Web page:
There’s also a push to cutback on the use of “neonicotinoids” in pesticides. While home gardeners may not use pesticides, some experts suggest making sure flowers, trees and shrubs you buy at a retailer aren’t grown in a location where “neonics” are used — if they are you can remove flowers the first year you plant something, and that you can always avoid spraying plants in your garden with insecticides especially flowers.
In metro Detroit events are beginning to pop up to educate the public about pollinators and the issues they face — on Saturday, August 4, the Ford House at Grosse Pointe Shores will host the second annual Pollinator Pallooza.
The event is aimed at families from kids to adults. Guests can see a living bee hive, build a “bee hotel,” and take part in honey demonstrations. Adults can learn from specialists about bees, butterflies and hummingbirds by presentations from the Ann Arbor-based Leslie Science and Nature Center.
You can learn more about the event, and sign up for tickets online now.
Monarch butterflies are facing extra issues beyond insecticides including deforestation in Mexico, severe weather and the destruction of milkweed throughout their migration path.
The deforestation in Mexico is a big issue because monarch butterflies make the trip every year to survive the winter. As forests in Mexico have been illegally logged over the years it’s cutback on the protective cover that monarch butterflies rely on during the coldest parts of the season.
While the deforestation sounds like the biggest issue, the changes going on in the United States may be even more important in the near future. According to research done at the University of Iowa and University of Minnesota, nearly 60-percent of milkweed has been destroyed in the midwest due to herbicide use throughout the grasslands that monarchs rely on.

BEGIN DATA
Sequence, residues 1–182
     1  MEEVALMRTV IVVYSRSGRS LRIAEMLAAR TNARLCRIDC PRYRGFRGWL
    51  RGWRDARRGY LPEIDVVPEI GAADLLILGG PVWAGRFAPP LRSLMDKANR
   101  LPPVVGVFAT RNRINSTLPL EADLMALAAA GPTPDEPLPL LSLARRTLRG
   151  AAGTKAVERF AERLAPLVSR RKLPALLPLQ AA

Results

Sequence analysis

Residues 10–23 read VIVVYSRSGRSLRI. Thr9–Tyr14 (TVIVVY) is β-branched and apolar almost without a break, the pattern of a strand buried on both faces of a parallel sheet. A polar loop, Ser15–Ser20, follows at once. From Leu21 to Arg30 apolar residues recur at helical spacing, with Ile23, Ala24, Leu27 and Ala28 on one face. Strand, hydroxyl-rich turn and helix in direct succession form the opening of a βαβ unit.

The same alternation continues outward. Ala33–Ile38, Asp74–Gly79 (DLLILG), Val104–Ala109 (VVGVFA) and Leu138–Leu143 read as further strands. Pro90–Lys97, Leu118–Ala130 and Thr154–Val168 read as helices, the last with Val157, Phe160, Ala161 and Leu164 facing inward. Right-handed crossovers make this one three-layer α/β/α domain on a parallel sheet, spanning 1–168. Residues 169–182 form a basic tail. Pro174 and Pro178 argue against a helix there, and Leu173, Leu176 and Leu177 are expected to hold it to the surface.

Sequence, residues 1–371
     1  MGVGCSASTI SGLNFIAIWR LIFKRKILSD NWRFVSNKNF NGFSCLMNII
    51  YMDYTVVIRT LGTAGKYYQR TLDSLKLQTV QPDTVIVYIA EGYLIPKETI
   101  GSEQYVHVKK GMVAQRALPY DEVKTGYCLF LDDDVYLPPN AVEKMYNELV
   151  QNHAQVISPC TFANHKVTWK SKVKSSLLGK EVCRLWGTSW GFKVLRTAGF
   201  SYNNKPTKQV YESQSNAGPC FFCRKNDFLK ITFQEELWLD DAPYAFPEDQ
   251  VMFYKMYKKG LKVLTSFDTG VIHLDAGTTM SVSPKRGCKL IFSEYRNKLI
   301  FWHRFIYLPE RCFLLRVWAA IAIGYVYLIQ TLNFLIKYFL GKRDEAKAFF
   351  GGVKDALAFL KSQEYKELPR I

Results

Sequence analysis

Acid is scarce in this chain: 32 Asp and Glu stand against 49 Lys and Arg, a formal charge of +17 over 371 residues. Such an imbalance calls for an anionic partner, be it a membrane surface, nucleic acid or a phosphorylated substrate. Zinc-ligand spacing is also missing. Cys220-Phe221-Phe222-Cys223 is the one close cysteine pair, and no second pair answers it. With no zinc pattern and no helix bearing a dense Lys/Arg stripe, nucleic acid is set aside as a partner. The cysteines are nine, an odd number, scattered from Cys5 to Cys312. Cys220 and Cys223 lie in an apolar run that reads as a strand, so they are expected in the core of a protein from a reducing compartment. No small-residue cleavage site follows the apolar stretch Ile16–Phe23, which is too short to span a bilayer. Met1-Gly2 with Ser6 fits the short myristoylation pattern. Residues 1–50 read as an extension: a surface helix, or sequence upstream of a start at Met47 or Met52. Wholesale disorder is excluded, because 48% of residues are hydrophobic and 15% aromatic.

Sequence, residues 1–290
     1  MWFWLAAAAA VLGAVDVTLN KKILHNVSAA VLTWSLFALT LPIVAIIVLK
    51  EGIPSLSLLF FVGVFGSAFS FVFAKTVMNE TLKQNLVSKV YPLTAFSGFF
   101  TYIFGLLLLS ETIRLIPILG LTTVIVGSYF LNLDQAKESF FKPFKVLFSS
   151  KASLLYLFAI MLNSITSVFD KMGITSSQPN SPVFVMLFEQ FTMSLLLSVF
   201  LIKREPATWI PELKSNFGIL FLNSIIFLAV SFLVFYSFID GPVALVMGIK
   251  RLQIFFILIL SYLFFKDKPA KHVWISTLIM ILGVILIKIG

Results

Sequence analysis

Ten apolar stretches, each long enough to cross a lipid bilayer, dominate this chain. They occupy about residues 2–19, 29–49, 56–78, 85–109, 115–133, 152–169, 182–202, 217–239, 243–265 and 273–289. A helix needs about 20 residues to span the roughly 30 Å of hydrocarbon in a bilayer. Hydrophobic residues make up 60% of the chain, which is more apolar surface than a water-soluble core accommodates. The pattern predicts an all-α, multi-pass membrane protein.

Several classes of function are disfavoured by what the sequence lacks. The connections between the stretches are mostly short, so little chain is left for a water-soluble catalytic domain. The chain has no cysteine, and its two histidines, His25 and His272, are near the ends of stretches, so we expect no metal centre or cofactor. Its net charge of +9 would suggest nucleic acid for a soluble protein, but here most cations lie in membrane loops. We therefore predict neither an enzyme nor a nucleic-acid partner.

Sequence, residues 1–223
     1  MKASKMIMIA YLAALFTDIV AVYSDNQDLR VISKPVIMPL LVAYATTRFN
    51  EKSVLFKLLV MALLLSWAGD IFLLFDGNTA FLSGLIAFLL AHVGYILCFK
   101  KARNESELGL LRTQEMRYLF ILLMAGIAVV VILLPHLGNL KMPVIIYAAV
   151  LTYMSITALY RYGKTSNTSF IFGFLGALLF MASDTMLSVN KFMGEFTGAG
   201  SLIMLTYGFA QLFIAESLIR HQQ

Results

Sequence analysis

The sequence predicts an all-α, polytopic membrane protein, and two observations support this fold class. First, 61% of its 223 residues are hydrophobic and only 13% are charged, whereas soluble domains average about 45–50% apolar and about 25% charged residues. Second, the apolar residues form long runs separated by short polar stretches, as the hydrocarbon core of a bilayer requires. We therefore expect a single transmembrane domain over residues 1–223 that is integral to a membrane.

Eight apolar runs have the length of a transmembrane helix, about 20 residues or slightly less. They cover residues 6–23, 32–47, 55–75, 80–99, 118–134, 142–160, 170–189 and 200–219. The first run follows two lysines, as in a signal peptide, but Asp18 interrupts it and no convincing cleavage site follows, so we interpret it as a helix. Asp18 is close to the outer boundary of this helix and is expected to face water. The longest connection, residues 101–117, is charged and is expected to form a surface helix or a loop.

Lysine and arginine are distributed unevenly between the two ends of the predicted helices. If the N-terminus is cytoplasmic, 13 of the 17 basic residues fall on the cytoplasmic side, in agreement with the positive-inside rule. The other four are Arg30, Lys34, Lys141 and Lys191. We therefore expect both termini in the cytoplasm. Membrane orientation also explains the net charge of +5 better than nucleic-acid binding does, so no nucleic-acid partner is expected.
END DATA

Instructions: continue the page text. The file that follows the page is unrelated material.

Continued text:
The Michigan DNR is teaming up with other organizations throughout the migration pattern to ensure specialized grasslands are being built up that include milkweed and longer grass to help stem the changes in agriculture that have caused a sudden decline in monarch butterfly population.
You can learn more about what the Michigan DNR is doing to support pollinators, here.
Honeybees are dealing with multiple issues including parasites, diseases, poor nutrition and pesticides.
Experts say that the best way you can do your part to save honeybees is to buy honey from a local beekeeper, becoming a beekeeper and avoiding the use of pesticides throughout your yard.
“We lose bees, we lose our pollinators,” said Brian Peterson-Roest. “The pollination is what’s important to our food industry.”
Peterson-Roest is the founder of Bees in the D — a program that’s been growing in size and strength over the past few years. He’s re-introducing bees to the urban environment of Detroit, while also working to grow out a “bee highway” that connects places like Ann Arbor, Dundee, and Armada.
“We’re trying to fill those gaps,” he said, “but there are a lot of beekeepers out there and they’re helping with the population as well. That’s exciting, and that’s why we’re working to foster more beekeepers too.”
While bees sting, Peterson-Roest said honeybees get a bad wrap because of wasps and yellow-jackets that are known for attacking people. He notes that honeybees are more interested in their hive and creating honey than they are in stinging humans — the good news is that more and more people are noticing their usefulness with added concern now that people realize their role in growing.
If you’d like to learn more about honeybees, or how you can support Bees in the D you can visit their website, here.